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Dalai to decide at 90 on reincarnation, no China say
DHARAMSHALA, India, Sept 24 (AFP) Sep 24, 2011
Tibet's spiritual leader the Dalai Lama on Saturday said he will decide when he is "about 90" whether he should be reincarnated, adding firmly that China should have no say in the matter.

The Dalai Lama made the statement in a 4,200-word document issued after a gathering of leaders of the four schools of Tibetan Buddhism in the northern Indian hill town of Dharamshala.

"When I am about 90, I will consult the high lamas of the Tibetan Buddhist traditions, the Tibetan public, and other concerned people who follow Tibetan Buddhism, and re-evaluate whether the institution of the Dalai Lama should continue or not," he said.

"On that basis we will take a decision," he said.

"Apart from the reincarnation recognised through such legitimate methods, no recognition or acceptance should be given to a candidate chosen for political ends by anyone, including those in the Peoples Republic of China," he added.

Under Tibetan tradition, monks identify a young boy who shows signs he is a reincarnation of a late leader.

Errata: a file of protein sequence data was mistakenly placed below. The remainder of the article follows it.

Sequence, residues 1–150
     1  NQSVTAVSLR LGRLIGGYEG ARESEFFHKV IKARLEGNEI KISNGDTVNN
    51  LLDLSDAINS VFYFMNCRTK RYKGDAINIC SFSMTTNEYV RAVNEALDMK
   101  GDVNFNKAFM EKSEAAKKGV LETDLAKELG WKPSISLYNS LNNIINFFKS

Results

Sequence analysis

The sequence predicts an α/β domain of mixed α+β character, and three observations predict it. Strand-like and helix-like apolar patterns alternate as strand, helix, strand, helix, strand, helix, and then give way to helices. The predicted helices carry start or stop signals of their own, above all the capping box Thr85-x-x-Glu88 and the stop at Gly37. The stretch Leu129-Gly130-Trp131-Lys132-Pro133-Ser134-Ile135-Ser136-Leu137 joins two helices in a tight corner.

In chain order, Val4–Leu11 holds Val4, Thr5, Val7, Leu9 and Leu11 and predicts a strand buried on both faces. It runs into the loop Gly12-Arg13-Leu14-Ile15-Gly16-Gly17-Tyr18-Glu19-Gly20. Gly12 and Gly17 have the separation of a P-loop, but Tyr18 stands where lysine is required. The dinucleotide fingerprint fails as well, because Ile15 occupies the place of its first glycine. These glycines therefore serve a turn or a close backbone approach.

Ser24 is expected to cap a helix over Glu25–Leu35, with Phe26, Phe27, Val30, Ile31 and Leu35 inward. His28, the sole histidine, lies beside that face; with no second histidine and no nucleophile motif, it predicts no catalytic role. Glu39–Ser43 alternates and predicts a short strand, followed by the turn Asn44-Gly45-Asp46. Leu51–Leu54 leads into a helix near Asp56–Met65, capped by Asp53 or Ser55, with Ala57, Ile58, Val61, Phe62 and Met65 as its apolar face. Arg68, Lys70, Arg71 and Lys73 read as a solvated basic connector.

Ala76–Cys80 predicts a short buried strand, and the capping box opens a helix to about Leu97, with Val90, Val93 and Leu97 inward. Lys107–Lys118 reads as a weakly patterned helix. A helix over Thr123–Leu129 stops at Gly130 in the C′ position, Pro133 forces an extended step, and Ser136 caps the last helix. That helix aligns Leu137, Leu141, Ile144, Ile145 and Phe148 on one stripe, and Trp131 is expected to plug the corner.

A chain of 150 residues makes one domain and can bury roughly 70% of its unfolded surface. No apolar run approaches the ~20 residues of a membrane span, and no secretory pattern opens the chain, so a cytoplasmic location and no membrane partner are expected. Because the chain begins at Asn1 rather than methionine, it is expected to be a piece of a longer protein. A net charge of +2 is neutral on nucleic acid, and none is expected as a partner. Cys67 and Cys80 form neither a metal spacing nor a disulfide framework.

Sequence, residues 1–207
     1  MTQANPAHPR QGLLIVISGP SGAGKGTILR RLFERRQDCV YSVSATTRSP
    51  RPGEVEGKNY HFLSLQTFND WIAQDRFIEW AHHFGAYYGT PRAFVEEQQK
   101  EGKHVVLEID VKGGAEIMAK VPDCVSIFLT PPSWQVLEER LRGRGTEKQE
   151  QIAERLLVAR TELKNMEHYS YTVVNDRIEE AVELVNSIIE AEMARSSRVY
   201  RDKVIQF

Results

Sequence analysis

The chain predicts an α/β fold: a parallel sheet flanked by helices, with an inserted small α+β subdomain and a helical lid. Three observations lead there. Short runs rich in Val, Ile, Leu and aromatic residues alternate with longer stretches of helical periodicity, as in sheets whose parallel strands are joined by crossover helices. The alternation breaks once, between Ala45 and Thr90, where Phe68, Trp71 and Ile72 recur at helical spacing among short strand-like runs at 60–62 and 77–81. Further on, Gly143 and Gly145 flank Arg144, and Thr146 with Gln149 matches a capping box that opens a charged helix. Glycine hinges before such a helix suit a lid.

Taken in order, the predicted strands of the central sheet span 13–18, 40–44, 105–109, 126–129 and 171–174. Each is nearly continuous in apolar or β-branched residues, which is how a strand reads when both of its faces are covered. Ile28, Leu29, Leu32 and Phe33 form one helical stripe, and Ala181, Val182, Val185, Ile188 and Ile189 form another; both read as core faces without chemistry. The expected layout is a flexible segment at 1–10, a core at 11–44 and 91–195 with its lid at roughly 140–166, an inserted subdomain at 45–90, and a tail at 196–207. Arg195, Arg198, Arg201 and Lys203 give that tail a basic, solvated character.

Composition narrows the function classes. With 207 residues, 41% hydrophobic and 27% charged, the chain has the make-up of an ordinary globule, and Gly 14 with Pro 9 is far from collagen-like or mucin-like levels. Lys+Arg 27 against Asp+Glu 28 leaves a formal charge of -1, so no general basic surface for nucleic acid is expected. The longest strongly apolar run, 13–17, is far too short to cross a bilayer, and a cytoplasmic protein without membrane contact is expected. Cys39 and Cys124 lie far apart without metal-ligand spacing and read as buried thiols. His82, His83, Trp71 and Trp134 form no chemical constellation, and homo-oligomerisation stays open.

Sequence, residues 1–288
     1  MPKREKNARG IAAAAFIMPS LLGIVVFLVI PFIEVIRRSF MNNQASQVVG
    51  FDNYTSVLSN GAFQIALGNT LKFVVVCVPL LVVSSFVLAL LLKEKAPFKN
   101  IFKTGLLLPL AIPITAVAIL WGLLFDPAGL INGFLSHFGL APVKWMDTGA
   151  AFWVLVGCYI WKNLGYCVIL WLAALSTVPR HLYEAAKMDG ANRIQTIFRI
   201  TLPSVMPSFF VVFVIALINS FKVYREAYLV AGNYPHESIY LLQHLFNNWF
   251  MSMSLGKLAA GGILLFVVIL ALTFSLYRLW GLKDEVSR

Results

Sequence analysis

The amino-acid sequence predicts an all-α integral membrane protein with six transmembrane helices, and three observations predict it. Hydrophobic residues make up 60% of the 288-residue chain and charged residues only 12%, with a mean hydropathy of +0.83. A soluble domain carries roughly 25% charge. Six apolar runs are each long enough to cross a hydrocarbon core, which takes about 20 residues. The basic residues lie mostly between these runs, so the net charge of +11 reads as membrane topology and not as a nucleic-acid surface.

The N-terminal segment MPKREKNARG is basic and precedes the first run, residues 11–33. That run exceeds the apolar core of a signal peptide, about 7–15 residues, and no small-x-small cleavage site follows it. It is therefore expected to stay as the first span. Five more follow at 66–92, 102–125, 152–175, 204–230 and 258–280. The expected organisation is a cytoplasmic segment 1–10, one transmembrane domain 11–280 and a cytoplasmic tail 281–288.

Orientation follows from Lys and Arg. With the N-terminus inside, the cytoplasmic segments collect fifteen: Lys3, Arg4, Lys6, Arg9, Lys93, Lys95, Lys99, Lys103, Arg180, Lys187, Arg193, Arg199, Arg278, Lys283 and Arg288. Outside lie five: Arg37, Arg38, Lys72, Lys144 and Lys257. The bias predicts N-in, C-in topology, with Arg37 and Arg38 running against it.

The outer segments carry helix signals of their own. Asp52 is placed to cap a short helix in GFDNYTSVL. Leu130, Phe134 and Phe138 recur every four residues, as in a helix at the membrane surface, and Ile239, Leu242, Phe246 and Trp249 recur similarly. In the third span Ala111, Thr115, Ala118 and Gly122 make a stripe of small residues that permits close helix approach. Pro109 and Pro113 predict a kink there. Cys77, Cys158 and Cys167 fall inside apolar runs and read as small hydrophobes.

But the Dalai Lama has signalled a willingness to break with custom by choosing a successor before his death or among exiles outside Tibet. He has also said he might be open to electing the next Dalai Lama.

Many predict China will simply appoint its own successor, raising the prospect of two Dalai Lamas -- one recognised by China and the other chosen by exiles or with the blessing of the current Dalai Lama.

The Dalai Lama fled Tibet following a failed uprising against Chinese rule in 1959. He later founded the government in exile in Dharamshala after being offered refuge by India.

China vilifies the Dalai Lama as a "separatist" who incites violence in Tibet, while the Dalai Lama insists his sole focus is a peaceful campaign for greater autonomy for his homeland.

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